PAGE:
Tag: <span>covid-19</span>

Summary: Psalm 126 originally spoke of the cultural and geographical restoration experienced (or expected) by those who had returned home from a prolonged exile. It delights the senses with its images of refreshment and sustenance. It reminds us that dreaming can offer a way into knowing who we are, why we suffer, and what we want for our future. The short and colorful psalm gives us language to use when imagining the kinds of restoration we long for as we move forward in the confidence that God is committed to our well-being and in the hope that the future must be greater and more just than the past.

I wrote this article for PsalmSeason, a project led by Hebrew College’s Miller Center for Interreligious Learning and Leadership and Interfaith Youth Core. PsalmSeason is an 18-week exploration of 18 Psalms conducted by a diverse and multifaith group of religious leaders, cultural critics, musicians, poets, artists, and activists. Read the full article at PsalmSeason.

Bible commentary: general audience

Summary: In Matthew’s Gospel, as soon as Peter correctly identifies Jesus as “the Christ,” Jesus offers an enigmatic saying: “I will give you the keys of the kingdom of heaven, and whatever you bind on earth will be bound in heaven, and whatever you loose on earth will be loosed in heaven.” It’s noteworthy that the conversation about who Jesus truly is leads directly to a discussion about freedom. That reminds us who preach that our primary task is liberation — not inspiration, not instruction, but deliverance. If you’re going to preach “Jesus is the Christ,” then the purpose of your preaching has to be to set people free. Of course, people are bound by many things in these awful days. The locks that hold the chains tight are not always easy to locate, but fortunately preachers have a key that fits.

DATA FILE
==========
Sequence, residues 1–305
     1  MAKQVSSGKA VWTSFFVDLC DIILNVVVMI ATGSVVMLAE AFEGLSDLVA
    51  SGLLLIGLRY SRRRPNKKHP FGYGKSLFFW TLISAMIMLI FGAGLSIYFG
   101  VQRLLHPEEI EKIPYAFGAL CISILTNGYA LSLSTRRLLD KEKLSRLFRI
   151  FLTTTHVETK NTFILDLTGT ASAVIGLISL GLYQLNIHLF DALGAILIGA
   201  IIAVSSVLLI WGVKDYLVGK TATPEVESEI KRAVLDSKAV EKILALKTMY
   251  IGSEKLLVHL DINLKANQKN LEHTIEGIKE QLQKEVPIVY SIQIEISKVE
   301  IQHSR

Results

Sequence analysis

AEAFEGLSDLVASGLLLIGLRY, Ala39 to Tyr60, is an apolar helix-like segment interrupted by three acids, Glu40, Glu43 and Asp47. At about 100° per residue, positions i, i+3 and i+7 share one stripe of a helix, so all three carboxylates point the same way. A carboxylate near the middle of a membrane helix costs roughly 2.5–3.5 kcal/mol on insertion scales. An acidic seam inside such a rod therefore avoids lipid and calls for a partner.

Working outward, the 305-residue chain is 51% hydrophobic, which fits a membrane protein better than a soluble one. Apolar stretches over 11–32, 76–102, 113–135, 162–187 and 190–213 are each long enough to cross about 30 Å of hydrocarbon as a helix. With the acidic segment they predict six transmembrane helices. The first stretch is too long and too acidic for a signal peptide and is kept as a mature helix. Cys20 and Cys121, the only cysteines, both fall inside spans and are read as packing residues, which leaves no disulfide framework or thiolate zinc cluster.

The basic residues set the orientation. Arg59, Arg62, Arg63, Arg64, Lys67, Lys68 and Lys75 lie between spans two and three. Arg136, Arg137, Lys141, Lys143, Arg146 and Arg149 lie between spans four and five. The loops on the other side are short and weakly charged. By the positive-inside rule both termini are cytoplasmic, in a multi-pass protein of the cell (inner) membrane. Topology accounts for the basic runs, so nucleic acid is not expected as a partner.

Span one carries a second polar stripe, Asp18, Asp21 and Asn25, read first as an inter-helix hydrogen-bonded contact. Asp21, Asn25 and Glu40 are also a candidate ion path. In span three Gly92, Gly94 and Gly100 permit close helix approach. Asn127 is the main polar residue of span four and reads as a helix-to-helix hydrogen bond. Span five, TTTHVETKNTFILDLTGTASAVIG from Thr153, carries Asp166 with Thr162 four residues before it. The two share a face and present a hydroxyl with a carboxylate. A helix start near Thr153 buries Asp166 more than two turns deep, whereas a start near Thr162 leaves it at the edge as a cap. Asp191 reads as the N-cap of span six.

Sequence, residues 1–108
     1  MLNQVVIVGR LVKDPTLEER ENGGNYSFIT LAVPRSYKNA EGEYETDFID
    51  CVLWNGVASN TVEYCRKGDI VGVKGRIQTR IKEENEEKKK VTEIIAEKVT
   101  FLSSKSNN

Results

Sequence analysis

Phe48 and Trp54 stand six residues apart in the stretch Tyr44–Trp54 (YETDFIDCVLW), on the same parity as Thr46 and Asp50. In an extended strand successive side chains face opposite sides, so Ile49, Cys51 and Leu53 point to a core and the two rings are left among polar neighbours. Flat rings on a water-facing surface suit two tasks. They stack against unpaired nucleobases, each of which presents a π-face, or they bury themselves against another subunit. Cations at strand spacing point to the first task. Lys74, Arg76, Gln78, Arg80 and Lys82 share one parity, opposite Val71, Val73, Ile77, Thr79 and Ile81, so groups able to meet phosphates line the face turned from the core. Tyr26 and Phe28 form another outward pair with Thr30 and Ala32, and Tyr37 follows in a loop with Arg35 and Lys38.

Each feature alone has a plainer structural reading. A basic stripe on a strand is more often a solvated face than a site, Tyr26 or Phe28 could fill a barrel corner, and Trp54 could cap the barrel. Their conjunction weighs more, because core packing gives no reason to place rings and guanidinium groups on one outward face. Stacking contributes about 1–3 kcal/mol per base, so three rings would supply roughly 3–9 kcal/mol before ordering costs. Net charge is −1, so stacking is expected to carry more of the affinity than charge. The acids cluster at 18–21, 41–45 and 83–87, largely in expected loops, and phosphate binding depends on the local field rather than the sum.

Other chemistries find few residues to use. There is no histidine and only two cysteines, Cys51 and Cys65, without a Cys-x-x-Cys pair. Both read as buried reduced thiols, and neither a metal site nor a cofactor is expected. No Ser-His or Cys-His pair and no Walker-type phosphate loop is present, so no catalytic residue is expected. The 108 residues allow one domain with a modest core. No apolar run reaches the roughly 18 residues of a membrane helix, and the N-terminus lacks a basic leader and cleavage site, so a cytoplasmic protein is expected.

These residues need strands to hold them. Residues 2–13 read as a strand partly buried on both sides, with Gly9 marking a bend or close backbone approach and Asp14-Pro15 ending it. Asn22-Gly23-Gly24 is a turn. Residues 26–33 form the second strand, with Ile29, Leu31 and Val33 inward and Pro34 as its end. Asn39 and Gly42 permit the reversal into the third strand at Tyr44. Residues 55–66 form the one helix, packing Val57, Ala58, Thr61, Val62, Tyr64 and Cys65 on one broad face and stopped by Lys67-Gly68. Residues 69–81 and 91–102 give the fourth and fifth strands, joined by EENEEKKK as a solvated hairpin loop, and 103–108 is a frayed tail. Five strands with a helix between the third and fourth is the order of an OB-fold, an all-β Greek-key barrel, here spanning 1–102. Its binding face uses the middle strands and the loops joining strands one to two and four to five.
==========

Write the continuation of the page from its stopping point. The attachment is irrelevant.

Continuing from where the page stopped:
I wrote this article for those preparing to preach or hear sermons on Matthew 16:13-20. It was originally a contribution to the “Dear Working Preacher” series. Read the full article at Working Preacher.

Bible commentary: preachers & teachers workingpreacher.org commentary

Summary: The Parable of the Sower (or Parable of the Soils) is simple enough, as a story about planting, growth, and yield goes. But the way the Gospels present it to us quickly reveals itself to be disturbing. Those who interpret the parable without consulting Matthew 13:10-17, the verses in which Jesus implies that his parables keep the truth hidden from many, miss the point. This is a parable that underscores the difficulty of the good news taking root in the world. It is a parable that asks us to consider the rest of the Gospel story if we are going to be able to consider difficult and unnerving questions about the goodness of God and the problem of resistant hearts. Fortunately, most preachers are well equipped and situated to venture into difficult places.

I wrote this article for those preparing to preach or hear sermons on Matthew 13:1-9, 18-23. It was originally a contribution to the “Dear Working Preacher” series. Read the full article at Working Preacher.

Bible commentary: preachers & teachers workingpreacher.org commentary